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sensations of mirth are never productive of ultimate fac tisfaction, that beauty, which is in most minds the parent of love, should, in order to the prosperity of its offspring, be attended with “ a species of melancholy." Those objects from which we derive our greatest pleasuręs, are mostly of a pensive description. The dance may amuse and delight us but it is almost instantaneously obliterated; while circumftances affecting to the heart, are experienced with tenderness, and treasured with assiduity. Love is not talkative. In familiar life, the chief fources of our amusement are derived from converf. ing with the intelligent, and those around us ; while the lover, Itrange as it may seem, however accomplished and cultivated his mistress, is best gratified by a silent at. tention to her beauties, and a sort of mute admiration. Women do not appear to be properly acquainted with this truth. They would consider such a suitor as fupid: the rattler they admire; and it is but a step from admiration to love. The dear delightful dog, who can prate gaily of what he does not comprehend, and launch forth into a thousand idle eulogiums of a beauty to which he is insensible;--this sweet compound of every thing that is light, pretty, and agreeable, will be preferred to the man of sense and affection, merely because the latter, from the very nature of fense and affection, is incapable of such folly. We know it has been said, that the same things will act differently on different individuals, and the affertion may hold good in a majority of instances. But love, which has been called the universal paffion, unless in cases of inability, is uniforın in its effect. Real love is always timid, solicitous, attentive. These are qualities not to be affected, and they serve to distinguish the value of the same sentiment in its manifold applications.

Among those pleasures which are dear to recollection, we trace few that are strictly mirthful. There is something in mirth not at all congenial to contemplation, an act characteristic of the memory. What is cherished by reflection, will be found interesting to the heart. Love,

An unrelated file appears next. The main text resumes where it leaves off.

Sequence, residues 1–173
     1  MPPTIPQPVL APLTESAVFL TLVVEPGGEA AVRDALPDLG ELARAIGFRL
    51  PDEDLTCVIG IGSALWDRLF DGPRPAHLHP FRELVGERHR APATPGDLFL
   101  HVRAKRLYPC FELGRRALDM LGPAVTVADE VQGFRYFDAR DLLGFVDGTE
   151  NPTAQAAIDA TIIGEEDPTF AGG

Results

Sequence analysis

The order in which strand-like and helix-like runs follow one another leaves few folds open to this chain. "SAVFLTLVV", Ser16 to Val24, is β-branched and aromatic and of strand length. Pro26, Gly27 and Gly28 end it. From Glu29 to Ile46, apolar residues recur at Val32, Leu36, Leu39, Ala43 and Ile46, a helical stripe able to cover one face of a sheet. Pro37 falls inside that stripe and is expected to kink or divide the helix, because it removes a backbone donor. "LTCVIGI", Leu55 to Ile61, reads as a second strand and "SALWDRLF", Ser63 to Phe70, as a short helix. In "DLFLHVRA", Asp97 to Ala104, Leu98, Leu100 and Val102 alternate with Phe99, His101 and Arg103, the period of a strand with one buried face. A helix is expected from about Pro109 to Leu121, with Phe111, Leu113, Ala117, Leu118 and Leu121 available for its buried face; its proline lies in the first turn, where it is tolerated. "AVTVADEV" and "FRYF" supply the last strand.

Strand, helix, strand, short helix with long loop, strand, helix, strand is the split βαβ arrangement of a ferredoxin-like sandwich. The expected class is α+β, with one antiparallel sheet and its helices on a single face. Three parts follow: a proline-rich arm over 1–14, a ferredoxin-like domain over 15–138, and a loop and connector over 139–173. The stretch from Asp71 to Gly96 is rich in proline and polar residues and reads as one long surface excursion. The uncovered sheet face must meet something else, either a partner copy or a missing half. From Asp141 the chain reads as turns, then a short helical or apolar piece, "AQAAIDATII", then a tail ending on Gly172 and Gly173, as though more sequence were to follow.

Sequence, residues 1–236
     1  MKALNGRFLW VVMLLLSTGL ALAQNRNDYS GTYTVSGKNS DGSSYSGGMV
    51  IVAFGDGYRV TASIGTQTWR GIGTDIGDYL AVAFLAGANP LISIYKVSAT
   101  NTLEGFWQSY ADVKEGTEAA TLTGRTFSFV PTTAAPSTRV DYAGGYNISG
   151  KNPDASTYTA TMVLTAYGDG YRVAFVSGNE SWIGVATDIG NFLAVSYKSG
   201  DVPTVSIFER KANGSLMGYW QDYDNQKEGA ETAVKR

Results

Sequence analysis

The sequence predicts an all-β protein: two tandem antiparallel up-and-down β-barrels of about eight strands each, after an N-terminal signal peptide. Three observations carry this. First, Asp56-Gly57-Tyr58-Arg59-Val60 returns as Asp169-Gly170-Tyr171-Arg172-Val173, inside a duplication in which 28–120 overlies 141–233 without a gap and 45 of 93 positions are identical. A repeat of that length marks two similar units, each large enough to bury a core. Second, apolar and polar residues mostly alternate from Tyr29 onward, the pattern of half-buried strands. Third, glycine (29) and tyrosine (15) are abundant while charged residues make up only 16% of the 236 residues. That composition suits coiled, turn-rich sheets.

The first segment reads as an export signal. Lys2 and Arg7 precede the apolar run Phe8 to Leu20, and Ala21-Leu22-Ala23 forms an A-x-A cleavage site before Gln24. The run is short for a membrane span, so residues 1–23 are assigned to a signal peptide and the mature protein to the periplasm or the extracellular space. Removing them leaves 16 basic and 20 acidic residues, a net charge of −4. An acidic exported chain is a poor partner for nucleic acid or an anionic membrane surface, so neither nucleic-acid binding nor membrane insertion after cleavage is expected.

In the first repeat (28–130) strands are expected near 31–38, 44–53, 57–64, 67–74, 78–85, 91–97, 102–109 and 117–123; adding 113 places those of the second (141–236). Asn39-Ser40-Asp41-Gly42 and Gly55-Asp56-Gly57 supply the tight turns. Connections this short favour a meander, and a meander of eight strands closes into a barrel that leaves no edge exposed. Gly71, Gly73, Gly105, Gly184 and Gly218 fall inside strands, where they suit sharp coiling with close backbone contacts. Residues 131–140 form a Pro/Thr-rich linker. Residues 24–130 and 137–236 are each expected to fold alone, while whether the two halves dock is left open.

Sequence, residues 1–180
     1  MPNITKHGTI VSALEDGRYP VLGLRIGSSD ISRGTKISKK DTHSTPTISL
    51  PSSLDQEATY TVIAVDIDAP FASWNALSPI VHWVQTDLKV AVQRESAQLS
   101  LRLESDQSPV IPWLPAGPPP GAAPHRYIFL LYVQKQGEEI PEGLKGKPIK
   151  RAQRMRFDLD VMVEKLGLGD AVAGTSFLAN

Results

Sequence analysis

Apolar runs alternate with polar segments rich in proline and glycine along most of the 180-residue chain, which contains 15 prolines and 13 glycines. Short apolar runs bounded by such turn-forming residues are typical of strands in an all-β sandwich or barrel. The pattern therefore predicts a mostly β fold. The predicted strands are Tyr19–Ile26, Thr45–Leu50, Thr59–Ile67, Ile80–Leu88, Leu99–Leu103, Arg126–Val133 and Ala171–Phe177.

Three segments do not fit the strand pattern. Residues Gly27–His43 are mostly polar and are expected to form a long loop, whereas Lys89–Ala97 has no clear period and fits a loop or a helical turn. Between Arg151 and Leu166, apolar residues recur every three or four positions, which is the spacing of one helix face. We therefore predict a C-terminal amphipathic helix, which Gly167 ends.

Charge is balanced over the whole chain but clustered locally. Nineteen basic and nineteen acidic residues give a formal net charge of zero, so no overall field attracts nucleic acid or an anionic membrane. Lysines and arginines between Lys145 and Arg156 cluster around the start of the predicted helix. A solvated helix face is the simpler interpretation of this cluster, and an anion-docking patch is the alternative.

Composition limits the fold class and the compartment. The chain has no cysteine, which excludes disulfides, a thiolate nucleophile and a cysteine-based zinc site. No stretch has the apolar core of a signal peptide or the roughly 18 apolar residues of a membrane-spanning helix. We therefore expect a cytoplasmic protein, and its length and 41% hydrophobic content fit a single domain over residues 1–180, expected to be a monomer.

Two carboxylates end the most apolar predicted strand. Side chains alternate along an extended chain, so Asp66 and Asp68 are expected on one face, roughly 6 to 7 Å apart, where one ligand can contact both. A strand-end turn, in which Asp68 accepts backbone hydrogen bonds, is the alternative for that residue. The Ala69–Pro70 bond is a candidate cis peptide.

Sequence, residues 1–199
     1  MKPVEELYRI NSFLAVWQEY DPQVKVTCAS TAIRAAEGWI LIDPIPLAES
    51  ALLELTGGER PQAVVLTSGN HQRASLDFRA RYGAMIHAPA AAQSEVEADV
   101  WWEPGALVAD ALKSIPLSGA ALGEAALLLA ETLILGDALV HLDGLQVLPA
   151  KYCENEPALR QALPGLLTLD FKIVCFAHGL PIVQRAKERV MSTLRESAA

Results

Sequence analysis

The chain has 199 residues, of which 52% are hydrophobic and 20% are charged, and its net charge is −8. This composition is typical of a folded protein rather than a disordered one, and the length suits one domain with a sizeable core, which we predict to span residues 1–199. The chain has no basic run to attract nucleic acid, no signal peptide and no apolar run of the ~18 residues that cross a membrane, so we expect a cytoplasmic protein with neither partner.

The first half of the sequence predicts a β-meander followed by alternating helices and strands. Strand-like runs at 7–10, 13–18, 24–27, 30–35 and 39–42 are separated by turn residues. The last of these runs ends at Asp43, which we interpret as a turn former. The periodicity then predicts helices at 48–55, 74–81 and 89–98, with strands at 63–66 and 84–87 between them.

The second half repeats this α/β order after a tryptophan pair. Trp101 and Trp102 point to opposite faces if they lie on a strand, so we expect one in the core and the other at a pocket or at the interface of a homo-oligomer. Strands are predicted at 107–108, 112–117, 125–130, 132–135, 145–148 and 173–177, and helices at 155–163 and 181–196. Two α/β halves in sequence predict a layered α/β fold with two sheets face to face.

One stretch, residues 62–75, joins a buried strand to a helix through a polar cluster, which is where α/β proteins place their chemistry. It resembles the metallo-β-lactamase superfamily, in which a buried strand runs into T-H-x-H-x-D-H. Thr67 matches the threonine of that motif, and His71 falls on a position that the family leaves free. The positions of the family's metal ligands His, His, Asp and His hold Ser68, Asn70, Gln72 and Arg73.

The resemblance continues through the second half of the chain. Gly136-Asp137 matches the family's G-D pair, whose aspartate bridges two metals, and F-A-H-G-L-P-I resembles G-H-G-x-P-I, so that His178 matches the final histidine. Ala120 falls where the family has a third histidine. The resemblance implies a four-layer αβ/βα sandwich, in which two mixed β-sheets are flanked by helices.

it is known, gathers strength and stability from absence ; deprived awhile of its object, a thousand little tenderRefles are valued as subjects of the first regard, which, when received, were but cominonly esteemed. Absence is a kind of death, and there is no one who need be apprised of the benevolence we feel towards those who can offend no more. But all this would not bappen to love, if it were not, as Mr. Burke says of beauty, allied to a species of melancholy.

To those who have accompanied the human mind in its progress from childhood to maturity, and from thence to the decline of life, this inclination in man to ideas in themselves folitary and pensive, must be clearly evident. Even youth, the very spring of hilarity, has a bias to me. lancholy. This is daily demonstrated in the poetry of our most cultivated young men : and it may not appear so extraordinary if we consider, that the distinction between melancholy and grief is essentially marked; the first as a pleasing, the latter as a corroding passion. Grief is certainly inimical to the playfulness of our early days ; but melancholy, so far from having a similar influence, by giving a kind of shade to our ideas, feems to relieve us from the too great luftre of a juvenile imagination ; it is a grove to defend us from the over-powering influence of the noon-day fun, where we sit and contemplate with more effect the surrounding landscape : it is, in fact, the evening of thought.

No one thinks of addressing his mistress in the language of mirth. All our poets, excepting Cowley and Waller, have treated plaintively of love: these were ftrange exceptions-Cowley, a fanciful metaphysician, and Waller, a sprightly courtier; the former was far. fetched and obtruse, the last, though sometimes tender, was on the whole rampant and debonaire ; and, while Cowley is supposed to have had no mistress, Waller had too many to love any: it would therefore be idle to enumerate these writers as exceptions to a general rule. Beauty implies some kind of perfection, and it does Vol. IV.



not matter, while that perfection is understood, whether it be real or imaginary. Perhaps it may be affirmed, that the contemplation of every species of perfection, is attended with melancholy on two accounts—it always carries with it the ideas of greatness and purity, which inspire us with a melancholy respect; while we imbibe a kind of regret or pensiveness, in the comparison which we are tempted to draw betwixt ourselves and the object of our admiration. Certain, however, it is, whatever obscurities may be found to attach to the explication I have attempted on this occasion, that “ the paffiou excited by beauty is, in fact, nearer to a species of melancholy, than to jollity or mirth.”